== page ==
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When it comes to the tablet computers or cell phones, newer may be better. However, that may not be true for birth control.

Oral contraceptives have been available in the United States since the 1960s. Since then drug manufacturers have developed “new generation” birth control pills and other forms of hormonal contraceptives. The first significant improvement came in the 1970s with what is now known as the second generation birth control pills. These pills used a different type of progestin and a lower dose of estrogen than the first generation pills.

Second Generation Pills May Still be the Safer Option

The third and fourth generation birth control pills and other forms of birth contro,l such as vaginal rings and transdermal patches, do not necessarily improve a woman’s chances of preventing pregnancy and may increase the risk of serious side effects. For example, research has shown an increased risk of dangerous blood clots, or vein thrombosis, with birth control pills such as Ortho Evra, Yasmin, and Yaz, and with transdermal patches and vaginal rings, such as Nuva Ring. Other methods of birth control, such as the Depo Provera shot have also resulted in health problems not seen with second generation pills.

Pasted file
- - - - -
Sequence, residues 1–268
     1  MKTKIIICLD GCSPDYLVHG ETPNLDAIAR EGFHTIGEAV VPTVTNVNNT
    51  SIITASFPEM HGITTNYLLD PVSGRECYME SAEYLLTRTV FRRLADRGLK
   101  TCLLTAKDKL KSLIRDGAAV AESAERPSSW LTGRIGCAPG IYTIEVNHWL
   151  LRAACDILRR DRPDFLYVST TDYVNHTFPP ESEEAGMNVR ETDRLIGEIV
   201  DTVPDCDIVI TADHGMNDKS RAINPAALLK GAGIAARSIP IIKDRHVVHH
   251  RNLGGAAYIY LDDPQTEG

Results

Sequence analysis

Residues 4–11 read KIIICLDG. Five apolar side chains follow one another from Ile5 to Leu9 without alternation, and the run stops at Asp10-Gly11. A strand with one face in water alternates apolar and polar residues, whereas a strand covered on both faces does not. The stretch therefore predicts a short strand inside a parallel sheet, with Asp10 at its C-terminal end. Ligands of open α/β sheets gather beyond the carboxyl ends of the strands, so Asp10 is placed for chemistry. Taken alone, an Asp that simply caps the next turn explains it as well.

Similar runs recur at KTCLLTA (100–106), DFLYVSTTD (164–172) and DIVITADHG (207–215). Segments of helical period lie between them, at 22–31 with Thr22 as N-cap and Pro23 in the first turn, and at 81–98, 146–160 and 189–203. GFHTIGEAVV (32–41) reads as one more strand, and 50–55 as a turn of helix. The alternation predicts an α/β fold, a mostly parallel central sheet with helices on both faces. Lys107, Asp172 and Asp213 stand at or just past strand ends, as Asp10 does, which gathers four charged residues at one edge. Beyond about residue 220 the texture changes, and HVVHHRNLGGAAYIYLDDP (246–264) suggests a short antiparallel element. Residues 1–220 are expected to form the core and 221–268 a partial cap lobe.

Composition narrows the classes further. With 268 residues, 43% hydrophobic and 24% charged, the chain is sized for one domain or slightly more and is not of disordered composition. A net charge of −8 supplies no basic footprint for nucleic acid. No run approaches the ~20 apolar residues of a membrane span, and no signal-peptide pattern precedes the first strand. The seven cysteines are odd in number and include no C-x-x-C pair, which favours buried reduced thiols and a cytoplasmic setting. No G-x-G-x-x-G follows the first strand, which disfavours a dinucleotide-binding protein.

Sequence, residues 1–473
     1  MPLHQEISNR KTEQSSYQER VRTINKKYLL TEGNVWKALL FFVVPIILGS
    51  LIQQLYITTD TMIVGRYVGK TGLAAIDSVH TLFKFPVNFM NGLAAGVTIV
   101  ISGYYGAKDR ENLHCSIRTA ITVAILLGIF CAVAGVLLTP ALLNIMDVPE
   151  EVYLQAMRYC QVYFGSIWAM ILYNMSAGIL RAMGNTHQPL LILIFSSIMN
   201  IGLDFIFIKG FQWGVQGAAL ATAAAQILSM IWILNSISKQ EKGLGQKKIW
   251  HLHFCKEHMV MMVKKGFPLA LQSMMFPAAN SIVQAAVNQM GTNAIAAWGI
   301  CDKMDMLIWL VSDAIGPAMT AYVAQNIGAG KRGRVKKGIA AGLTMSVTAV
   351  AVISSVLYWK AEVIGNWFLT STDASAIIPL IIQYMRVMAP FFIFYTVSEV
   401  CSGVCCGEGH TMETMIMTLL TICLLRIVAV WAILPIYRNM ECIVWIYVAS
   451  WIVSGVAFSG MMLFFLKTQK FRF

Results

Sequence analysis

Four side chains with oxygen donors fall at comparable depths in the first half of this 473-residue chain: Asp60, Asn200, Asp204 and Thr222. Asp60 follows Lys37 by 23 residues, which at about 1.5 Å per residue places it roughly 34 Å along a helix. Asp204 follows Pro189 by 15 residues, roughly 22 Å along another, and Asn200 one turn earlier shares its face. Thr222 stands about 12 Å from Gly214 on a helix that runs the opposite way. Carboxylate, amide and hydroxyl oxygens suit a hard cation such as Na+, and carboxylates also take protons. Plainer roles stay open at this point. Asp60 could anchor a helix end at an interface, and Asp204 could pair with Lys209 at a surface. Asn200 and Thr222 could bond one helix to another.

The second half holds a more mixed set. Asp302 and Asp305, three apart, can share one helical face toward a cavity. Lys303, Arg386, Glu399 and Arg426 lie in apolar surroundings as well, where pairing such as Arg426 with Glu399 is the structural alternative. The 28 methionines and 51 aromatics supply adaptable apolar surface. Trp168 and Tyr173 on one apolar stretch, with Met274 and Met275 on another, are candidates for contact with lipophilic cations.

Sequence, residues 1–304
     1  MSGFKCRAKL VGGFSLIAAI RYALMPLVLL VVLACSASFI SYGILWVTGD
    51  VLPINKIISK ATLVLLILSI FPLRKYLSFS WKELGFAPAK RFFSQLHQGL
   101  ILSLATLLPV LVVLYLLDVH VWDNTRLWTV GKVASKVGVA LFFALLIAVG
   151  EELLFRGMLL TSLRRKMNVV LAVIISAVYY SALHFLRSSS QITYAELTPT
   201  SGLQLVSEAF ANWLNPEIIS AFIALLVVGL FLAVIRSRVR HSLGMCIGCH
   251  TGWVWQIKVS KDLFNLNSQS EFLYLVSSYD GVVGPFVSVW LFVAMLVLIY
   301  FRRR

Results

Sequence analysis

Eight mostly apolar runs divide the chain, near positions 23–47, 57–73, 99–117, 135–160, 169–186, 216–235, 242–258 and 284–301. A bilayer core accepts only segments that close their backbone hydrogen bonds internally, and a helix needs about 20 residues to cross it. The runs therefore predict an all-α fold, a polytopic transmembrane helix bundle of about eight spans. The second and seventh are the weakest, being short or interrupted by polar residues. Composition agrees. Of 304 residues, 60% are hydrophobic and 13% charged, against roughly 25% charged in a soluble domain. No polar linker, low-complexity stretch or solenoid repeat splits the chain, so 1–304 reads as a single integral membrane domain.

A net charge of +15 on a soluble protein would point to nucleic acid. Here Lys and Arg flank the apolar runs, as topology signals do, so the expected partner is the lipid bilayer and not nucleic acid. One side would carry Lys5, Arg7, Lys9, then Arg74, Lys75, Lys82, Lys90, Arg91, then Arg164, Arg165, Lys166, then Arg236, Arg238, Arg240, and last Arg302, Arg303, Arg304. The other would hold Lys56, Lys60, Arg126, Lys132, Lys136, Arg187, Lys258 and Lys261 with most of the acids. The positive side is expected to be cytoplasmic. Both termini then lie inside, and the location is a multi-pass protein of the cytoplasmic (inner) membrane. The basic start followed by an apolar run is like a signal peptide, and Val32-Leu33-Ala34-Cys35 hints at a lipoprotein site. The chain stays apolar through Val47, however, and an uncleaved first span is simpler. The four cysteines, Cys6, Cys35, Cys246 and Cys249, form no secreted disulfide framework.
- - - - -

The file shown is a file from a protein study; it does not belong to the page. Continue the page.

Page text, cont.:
Why then do Drug Companies Continue to Make New Forms of Birth Control?

Unfortunately, the answer may be profit. As the patents on older drugs expire, drug manufacturers are motivated to develop new products to keep up revenue, though the new products may not provide increased health protections for women. No one disputes the right of pharmaceutical companies to make money or to develop new products, but should it occur at the expense of women’s health? If the second generation birth control pills work well and aren’t broken then would you be comfortable taking a newer type of contraceptive that may carry greater risks?

See for statistics on NuvaRing side effects.

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